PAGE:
Pushing past domestic money market challenges, Olokotuyi’s management team has been able to lift the bank from a rut. This is reflected in the audited financial report of the bank for the period ended December 31,2016 and Q1 2017. For instance; the bank closed the previous year with a rise in profit after tax by 68 per cent. A tough act to pull off at the heart of a raging recession.

The bank had been in the red and posted a loss of N2.094billion in 2009. Up until 2010, the bank was in a darker mess, caused by a management crisis which ravaged what was left of the financial institution for years. A more critical observation shows that the bank posted a loss of N11.668billion in March 2009 while the loss position stood at N57.738billion in 2008.

Wema Bank’s management had been smart to take advantage of the licencing regime and opted for regional licence to first survive before returning to operate as a National Bank after four years. The regional operations entailed a strategy to enable it, operate within the geographical areas where it had more comparative advantage in terms of making profit at the time.

‘’We took advantage of the new licensing regime and applied for a Regional authorization with a pledge to expand in the near future, once the turnaround project was completed. The Bank’s transformation was implemented in three phases; first to stabilize the Bank, second to prepare the building blocks for growth and third to go for growth. We are now within the third phase of the transformation project” Oloketuyi had said

Wema Bank’s dilemma

The dynamics of banking in Nigeria has changed. The implication is that competition has become stiffer.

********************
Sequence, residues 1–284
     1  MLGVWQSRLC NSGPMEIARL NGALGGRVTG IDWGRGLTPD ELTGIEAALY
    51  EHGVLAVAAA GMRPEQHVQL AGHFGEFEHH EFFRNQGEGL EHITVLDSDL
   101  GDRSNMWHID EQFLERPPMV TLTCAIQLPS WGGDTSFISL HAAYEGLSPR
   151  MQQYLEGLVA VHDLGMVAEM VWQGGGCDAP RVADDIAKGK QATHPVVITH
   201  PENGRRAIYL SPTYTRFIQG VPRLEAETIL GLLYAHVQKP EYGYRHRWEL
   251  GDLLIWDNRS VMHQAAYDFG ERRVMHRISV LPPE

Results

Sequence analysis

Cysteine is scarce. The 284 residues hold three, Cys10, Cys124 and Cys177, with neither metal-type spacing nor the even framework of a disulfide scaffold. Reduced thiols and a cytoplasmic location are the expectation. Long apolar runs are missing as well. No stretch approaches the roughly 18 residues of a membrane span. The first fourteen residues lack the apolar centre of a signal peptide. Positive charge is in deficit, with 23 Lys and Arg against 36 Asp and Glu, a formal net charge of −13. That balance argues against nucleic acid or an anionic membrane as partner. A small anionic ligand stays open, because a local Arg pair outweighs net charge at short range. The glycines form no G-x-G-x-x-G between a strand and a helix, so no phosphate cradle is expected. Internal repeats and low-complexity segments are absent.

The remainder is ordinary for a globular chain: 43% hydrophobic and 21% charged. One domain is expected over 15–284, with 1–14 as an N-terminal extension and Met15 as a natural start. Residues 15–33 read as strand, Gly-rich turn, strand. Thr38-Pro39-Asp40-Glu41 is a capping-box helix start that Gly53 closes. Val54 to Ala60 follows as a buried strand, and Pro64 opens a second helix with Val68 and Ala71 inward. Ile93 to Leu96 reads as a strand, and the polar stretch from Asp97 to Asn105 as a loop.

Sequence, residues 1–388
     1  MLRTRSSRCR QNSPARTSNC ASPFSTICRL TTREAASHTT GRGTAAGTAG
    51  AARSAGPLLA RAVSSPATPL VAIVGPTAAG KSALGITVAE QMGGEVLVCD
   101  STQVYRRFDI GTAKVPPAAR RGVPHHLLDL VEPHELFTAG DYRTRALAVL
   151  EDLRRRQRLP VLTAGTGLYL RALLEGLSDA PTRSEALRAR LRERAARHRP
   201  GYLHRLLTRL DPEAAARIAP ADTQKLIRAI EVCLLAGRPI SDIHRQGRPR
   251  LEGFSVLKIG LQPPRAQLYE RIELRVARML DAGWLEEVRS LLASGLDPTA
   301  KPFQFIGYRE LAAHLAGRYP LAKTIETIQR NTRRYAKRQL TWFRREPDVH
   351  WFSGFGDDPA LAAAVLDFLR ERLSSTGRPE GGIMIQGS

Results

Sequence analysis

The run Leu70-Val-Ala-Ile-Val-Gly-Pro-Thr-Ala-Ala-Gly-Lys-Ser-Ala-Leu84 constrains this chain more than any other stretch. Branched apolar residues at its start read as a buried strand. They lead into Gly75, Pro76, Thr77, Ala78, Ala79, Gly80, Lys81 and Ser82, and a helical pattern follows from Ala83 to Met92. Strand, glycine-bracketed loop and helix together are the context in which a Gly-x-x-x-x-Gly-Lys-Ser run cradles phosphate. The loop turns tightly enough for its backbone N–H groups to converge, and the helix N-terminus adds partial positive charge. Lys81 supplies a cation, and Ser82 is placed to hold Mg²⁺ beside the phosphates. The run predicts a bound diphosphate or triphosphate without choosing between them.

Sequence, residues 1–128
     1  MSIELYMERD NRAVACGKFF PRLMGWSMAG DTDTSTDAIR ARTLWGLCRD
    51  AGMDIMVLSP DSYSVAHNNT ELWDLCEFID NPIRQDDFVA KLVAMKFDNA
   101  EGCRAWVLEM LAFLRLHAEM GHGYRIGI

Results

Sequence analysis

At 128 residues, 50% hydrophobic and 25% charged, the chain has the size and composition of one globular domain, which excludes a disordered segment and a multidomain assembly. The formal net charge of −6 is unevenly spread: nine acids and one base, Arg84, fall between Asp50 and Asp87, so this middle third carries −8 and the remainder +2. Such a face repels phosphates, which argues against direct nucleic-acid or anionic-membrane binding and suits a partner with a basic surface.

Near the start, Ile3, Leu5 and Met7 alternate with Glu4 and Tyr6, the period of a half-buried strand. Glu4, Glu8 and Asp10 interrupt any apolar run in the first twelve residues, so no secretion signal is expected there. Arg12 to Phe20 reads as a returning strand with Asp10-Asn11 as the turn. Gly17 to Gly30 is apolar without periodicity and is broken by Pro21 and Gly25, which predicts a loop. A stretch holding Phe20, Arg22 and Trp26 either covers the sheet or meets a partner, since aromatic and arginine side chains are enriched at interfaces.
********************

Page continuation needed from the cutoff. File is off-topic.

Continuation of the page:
Wema Bank is a national bank that does not have branches in every part of the country. The South east of Nigeria does not seem to know Wema Bank, implying that its regional disposition has not fully been addressed. Wema was the major brand in the West, and in fact, dominated the Market when it seemed like all government parastatals of the Western region banked with it. But that has changed as G T Bank, Skye Bank, Sterling Bank, FCMB Group and First Bank have taken a huge chunk of the western market share.

Wema Bank, in fact is now embarrassingly owning just a little above 1 percent market share in the banking industry.

With 154 branches only in a few states, customers may go for national banks with more products and wider reach.

Prospects

Many analysts believe that a bank which was able to raise N7.5billion through Rights issue in 2010 when the operational environment was unstable for financial institutions must be strong.

One advantage which the bank enjoys industry observers noted is that a greater proportion of its infrastructure is in the target South-South and South-West market. BH findings reveal that the regions account for 98.8 percent of its total loan portfolio and 97 percent of deposit as at December 2010. More so a total of 137 out of the bank’s 154 branches, representing 90 percent, are located where the bank has chosen to operate.

Broad street analysts have applauded its new management for stabilizing an institution which was almost dead. But it has a big task on its hands. How the bank can compete in the same market with the industry leaders such as First Bank, Zenith Bank, G T Bank and UBA is still a puzzle.

History of a Crisis

Wema bank has had a chequered history which has been laced with bitter boardroom politics, management crisis among others. This almost snuffed life of the only surviving indigenous first -generation bank in Nigeria.

It would be recalled that the periods 2006, 2007 and 2008 were the most challenging time in the life of the bank. The bank was modestly competitive before bitter politics dominated its boardroom and drew the attention of the regulator. A group of investigators from the CBN and NDIC discovered gross mismanagement in the bank.

Many recall that after the banking consolidation the Central Bank of Nigeria(CBN) directed Government both Federal and State to scale down their stake in banks to 10 per cent. Adebisi Omoyeni swung to action to find investors to take 40% owned by Oodua States because they had also assisted in recapitalizing the bank. But the selling of the shares became controversial. Omoyeni was eventually suspended and recalled after winning a court case against CBN. He was eventually sacked after he tried to meet the Apex regulatory bank’s conditions of withdrawing a court case against it.

Going into the second half of 2017 Wema looks set to upstage pessimists’ earlier forecasts, but how far it goes in turning the tables against naysayers would depend on how well the macroeconomy performs.